Lighthouses are popular. They’re iconic. They’re collectable. There are lighthouse calendars, lighthouse statues that have real lights inside, lighthouse salt and pepper shakers, and lighthouse designs on socks. Why? What is it about these flashlight-like buildings? They’re not even being used much anymore now that ships have more technical gadgets than a Best Buy Sunday newspaper ad.
Some old things are never reminisced over. You don’t see little ceramic salt and pepper shakers that replicate old black and white tv’s much. Nor do you find pictures of butter churns on socks. And those were both as useful as lighthouses.
Lighthouses are symbolic for lots of folks. People think security and safety when they see lighthouses so insurance companies and the like might choose it for their logo. Lighthouse International is an organization for the blind that chose the lighthouse as their symbol. Wikipedia informed me that lighthouses are “often interpreted in dreams as beacons of truth or as male fertility and influence.” It always comes back to sex, doesn’t it?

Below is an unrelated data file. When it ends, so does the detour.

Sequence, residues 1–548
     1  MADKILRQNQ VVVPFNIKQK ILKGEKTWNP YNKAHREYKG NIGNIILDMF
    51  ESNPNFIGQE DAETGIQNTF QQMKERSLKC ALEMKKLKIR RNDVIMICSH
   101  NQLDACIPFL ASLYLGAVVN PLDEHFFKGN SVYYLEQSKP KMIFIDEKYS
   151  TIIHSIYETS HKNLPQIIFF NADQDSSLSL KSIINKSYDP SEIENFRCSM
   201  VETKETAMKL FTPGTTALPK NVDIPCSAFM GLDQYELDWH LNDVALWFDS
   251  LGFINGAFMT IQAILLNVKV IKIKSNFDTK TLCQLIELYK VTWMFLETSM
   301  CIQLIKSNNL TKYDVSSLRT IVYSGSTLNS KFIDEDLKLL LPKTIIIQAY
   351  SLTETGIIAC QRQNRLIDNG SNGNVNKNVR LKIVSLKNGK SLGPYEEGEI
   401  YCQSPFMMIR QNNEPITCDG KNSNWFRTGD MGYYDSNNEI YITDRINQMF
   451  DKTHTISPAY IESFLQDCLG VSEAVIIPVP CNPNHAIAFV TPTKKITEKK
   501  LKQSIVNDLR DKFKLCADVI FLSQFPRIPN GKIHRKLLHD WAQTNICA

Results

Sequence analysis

I can’t even tell you exactly why I chose to paint the lighthouse near Port Townsend except that I simply wanted it and that windswept tree rising above the horizon. Perhaps all or none of the above reasons are why. It’s been framed and up for a year and just recently, I’ve been illuminated as to what wasn’t quite right in the painting. My original sky and sand were too dark. Here you see the brightened up version- a little light shed on my painting.
Enjoy it in person while it’s up at Kirkland Fine Art Gallery, 122 Central Way, Kirkland, WA 98033. The gallery is open every day Dec. 4- Dec. 24.